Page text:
WASHINGTON (DTN) -- Senate Agriculture Committee Chairwoman Debbie Stabenow, D-Mich., said Tuesday that farm leaders should express "a sense of urgency" about passing a new farm bill.
Speaking to reporters after a hearing, Stabenow said that in 2013, when farm bill negotiations were dragging on and on, "there was a sense of urgency in the agriculture community," but that she does not get that sense of urgency now.
While the continuing resolution that Congress is considering includes a one-year extension of the expired 2018 farm bill through Sept. 30, 2024, Stabenow said it is vital that Congress pass a new farm bill in 2024.
"I want to hear more about a sense of urgency," Stabenow said. She added that she has heard about priorities ranging from research to the commodity title, but "now is the time to coalesce in what we can do [to get] a bipartisan bill done."
When asked whether he agrees with Stabenow, Sen. John Boozman, R-Ark., ranking member on the committee, told reporters he believes farm groups "are expressing urgency."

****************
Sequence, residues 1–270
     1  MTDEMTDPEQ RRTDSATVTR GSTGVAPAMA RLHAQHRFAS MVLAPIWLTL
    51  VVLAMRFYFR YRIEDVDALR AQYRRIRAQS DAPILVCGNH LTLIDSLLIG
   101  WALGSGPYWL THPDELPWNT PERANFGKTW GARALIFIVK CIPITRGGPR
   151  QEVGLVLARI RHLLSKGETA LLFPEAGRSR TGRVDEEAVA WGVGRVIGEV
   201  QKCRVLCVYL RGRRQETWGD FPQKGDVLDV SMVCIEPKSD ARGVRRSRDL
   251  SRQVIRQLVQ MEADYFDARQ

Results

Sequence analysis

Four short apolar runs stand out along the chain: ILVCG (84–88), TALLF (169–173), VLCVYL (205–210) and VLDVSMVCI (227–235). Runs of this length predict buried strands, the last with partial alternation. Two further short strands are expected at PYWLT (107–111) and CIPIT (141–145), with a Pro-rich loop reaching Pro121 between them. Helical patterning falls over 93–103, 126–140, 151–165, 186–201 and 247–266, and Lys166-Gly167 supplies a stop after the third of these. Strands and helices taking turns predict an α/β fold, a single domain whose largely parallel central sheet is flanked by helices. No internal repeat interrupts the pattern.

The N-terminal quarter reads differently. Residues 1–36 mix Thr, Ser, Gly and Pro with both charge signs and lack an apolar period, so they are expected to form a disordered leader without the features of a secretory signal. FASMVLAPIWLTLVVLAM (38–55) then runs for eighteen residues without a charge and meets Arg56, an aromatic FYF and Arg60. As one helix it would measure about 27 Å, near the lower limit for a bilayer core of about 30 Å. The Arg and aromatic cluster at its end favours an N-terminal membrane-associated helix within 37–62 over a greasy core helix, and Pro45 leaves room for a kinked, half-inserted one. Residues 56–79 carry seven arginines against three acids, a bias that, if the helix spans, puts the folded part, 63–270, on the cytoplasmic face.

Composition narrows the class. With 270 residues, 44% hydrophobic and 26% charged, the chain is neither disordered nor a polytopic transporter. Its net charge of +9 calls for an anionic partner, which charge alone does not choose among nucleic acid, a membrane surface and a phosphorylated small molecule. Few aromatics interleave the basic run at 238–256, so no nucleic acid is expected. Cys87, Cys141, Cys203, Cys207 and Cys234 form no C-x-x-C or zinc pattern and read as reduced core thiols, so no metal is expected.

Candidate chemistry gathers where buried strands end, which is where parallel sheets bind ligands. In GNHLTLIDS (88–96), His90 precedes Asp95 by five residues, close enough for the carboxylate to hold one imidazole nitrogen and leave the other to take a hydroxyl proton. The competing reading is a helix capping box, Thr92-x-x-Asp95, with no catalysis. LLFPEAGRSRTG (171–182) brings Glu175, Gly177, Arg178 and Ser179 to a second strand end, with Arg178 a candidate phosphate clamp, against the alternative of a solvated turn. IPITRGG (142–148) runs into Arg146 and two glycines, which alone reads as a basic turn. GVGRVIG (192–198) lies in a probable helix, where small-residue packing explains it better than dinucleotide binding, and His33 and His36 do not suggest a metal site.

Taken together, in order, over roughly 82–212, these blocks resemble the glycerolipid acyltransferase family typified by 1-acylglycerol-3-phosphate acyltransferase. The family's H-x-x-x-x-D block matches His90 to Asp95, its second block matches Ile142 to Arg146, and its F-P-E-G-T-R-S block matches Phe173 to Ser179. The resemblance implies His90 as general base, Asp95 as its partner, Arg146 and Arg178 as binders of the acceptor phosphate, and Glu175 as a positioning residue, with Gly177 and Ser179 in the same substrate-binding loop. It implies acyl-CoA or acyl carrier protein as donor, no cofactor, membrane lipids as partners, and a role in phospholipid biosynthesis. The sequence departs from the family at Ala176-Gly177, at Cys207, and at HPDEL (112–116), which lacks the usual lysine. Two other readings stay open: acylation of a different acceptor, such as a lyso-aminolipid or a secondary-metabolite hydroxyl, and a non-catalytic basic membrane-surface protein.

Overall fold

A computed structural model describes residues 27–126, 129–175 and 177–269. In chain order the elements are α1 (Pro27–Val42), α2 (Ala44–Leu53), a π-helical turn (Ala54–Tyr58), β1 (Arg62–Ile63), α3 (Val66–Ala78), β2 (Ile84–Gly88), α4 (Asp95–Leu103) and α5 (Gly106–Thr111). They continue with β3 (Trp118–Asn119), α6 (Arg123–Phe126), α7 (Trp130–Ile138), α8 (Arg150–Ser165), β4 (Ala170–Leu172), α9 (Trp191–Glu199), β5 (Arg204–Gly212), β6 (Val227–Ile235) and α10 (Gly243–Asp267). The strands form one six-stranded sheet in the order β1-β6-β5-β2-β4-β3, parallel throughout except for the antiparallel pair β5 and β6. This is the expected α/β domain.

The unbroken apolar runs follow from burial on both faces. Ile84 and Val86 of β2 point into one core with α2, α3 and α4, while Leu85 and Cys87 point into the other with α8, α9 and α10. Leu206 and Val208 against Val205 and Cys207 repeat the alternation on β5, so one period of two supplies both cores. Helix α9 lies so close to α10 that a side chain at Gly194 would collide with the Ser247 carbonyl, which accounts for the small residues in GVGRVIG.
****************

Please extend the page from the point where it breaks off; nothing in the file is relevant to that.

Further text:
But he added the farm leaders "understand the times are so different (from) 2018 that we don't just need to do something, we need to do the right thing."
Boozman and some farm leaders have called for an increase in the reference prices that trigger farm bill subsidy payments.
Asked whether conflict over how to come up with additional budget authority for what farm groups are asking is the biggest issue facing the committee, Boozman said that the biggest problem is still waiting on scores from the Congressional Budget Office. CBO, he added, has had a lot of work analyzing appropriations bills.
Boozman said he would like to see the agricultural funding in the Inflation Reduction Act (IRA) brought into the farm bill baseline, but he said that neither Republicans nor farm leaders "had any input" into those provisions.
Stabenow and other Democrats have said that if the IRA provisions are brought into the farm bill, they still want the money devoted to the climate-smart conservation programs that are in the IRA.
Boozman, during the opening of Tuesday's hearing, also talked about the one-year farm bill extension being agreed to, adding that it would also "maintain funding for the orphan programs." Those programs involve more than 30 programs that cannot operate without a continuing piece of authorizing legislation that cannot expire.
Jerry Hagstrom can be reached at email@example.com
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